By Joshua Myers | Published February 2022
The first half of Ember’s latest release, No One Is Any One, features the Brooklyn-based trio operating within a register of simple, stripped-down melodies punctuated by strong and deep bass lines.
But when pianist Orrin Evans arrives midway through the effort, the meeting of their two styles produces something special. “Peace Of Deoxygenated Sleep” is a tune befitting its peculiar title. And Evans’ presence provides ample space for what turns out to be the album’s peak.
Along with that moment, there is much to appreciate here. Noah Garabedian’s bass playing in particular is worth a listen. His is the first sound we hear, and as we are gradually brought into the orbit of Garabedian, Caleb Wheeler Curtis on alto saxophone and Vinnie Sperrazza on drums.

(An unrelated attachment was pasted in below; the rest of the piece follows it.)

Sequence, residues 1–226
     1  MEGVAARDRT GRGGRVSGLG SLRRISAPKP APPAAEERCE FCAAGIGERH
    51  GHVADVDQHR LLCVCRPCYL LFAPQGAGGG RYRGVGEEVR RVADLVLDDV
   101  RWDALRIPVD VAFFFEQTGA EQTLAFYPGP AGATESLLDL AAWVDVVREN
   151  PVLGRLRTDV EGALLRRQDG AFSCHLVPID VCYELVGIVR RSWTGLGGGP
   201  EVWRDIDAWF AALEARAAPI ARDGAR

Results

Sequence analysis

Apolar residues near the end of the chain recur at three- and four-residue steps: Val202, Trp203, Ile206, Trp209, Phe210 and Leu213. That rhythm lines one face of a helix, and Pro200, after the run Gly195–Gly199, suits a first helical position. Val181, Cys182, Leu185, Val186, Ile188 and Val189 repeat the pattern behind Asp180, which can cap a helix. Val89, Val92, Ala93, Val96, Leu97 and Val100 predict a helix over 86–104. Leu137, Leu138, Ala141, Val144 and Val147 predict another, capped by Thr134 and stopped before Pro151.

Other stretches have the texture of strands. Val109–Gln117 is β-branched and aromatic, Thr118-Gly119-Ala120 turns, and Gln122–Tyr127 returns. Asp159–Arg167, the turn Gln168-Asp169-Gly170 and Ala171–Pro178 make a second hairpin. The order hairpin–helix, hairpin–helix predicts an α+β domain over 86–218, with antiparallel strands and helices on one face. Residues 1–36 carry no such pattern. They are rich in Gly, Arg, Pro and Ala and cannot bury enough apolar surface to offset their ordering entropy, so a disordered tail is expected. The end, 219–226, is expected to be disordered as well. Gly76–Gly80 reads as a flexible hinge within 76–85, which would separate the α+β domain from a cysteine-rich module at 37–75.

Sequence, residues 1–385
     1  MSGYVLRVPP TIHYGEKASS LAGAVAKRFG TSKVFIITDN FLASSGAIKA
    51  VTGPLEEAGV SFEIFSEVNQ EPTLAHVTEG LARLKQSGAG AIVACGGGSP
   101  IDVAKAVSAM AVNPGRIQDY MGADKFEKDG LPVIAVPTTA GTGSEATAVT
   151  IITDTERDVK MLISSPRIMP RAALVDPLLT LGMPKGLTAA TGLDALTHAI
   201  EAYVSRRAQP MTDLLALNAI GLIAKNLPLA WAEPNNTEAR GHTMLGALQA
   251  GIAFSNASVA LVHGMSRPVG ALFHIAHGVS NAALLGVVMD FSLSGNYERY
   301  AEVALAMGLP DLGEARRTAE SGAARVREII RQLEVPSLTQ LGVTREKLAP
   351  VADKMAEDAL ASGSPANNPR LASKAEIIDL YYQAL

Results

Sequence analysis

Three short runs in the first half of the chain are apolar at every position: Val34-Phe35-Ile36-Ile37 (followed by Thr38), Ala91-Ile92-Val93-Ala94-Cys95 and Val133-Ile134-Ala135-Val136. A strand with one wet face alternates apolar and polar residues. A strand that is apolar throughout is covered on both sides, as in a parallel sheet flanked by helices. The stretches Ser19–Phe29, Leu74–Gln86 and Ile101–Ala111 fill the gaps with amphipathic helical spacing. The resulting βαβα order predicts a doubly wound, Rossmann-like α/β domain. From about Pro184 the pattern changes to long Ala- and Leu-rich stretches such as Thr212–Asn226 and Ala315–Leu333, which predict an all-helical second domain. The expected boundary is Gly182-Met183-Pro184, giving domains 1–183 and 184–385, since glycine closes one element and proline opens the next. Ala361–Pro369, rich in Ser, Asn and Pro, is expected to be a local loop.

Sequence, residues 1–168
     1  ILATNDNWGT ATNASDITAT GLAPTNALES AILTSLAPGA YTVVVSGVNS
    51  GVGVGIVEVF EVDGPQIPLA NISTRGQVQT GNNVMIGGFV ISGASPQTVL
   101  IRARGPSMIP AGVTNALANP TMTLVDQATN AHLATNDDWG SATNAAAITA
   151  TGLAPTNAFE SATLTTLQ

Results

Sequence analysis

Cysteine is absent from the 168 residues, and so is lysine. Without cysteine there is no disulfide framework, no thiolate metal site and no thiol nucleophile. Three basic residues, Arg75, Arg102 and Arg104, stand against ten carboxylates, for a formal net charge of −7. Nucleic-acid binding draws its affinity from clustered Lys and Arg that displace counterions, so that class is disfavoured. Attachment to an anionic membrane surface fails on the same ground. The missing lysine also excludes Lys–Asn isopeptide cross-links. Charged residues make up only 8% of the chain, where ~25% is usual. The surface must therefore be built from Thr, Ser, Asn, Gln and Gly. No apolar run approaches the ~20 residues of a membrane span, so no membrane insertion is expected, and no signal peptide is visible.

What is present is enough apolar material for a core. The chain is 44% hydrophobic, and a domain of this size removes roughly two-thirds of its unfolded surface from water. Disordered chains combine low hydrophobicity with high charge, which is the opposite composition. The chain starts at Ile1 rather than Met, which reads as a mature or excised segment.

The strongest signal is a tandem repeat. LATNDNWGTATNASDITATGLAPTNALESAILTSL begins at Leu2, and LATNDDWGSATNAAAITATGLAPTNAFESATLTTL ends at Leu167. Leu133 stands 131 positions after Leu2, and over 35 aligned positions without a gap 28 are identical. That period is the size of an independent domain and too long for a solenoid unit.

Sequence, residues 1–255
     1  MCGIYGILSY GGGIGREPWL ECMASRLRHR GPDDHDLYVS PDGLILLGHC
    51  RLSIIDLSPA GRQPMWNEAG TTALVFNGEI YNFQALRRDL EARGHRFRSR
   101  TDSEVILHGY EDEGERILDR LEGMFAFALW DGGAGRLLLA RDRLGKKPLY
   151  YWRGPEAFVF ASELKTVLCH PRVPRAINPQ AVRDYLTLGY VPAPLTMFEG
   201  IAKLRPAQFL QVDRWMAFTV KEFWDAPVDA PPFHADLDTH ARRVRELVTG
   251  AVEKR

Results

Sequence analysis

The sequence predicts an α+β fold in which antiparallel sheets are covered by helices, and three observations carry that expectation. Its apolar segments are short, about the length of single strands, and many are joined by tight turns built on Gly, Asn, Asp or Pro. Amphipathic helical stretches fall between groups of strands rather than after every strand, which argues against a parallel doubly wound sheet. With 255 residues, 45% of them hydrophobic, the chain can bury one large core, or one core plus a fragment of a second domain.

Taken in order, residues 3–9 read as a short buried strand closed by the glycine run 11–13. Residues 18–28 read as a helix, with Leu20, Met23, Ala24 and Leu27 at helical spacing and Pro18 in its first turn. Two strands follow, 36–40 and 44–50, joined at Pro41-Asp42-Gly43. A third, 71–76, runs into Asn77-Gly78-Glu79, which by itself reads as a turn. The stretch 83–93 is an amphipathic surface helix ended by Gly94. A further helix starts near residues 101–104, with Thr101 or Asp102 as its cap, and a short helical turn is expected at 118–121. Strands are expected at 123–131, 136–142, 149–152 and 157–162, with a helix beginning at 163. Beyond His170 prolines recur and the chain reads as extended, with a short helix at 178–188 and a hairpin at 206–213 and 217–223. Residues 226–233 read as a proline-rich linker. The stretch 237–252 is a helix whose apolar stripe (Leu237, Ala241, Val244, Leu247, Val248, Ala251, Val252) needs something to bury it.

While Garabedian provides rhythmic wow, Curtis offers melodic filling. But it is Vinnie Sperrazza’s consistent drum work that makes Ember’s work effectively well-rounded.
The group came together in 2017, starting out with just rehearsals that were more conversations about music. Those conversations turned into gigs and gigs turned into tours.
Evans came into the session as a friend and collaborator with Curtis, just looking to help.
Some have called Ember an experimental band. Often the label experimental is used to denote a sound that defies a convention or category. And maybe that word is too small to capture what is going on with No One Is Any One.
No One Is Any One: Reanimation (Zombie Tune); Josephine And Daphne; No One Is Any One; Pilot Light; Glass House; Peace Of Deoxygenated Sleep; Thomas; Graceful Without Grace; Chia-Sized Standing Desk; Harvey Pekar. (56:10)
Personnel: Caleb Wheeler Curtis, alto saxophone; Noah Garabedian, bass; Vinnie Sperrazza, drums; Orrin Evans, piano (6–9).
Ordering Info: sunnysiderecords.bandcamp.com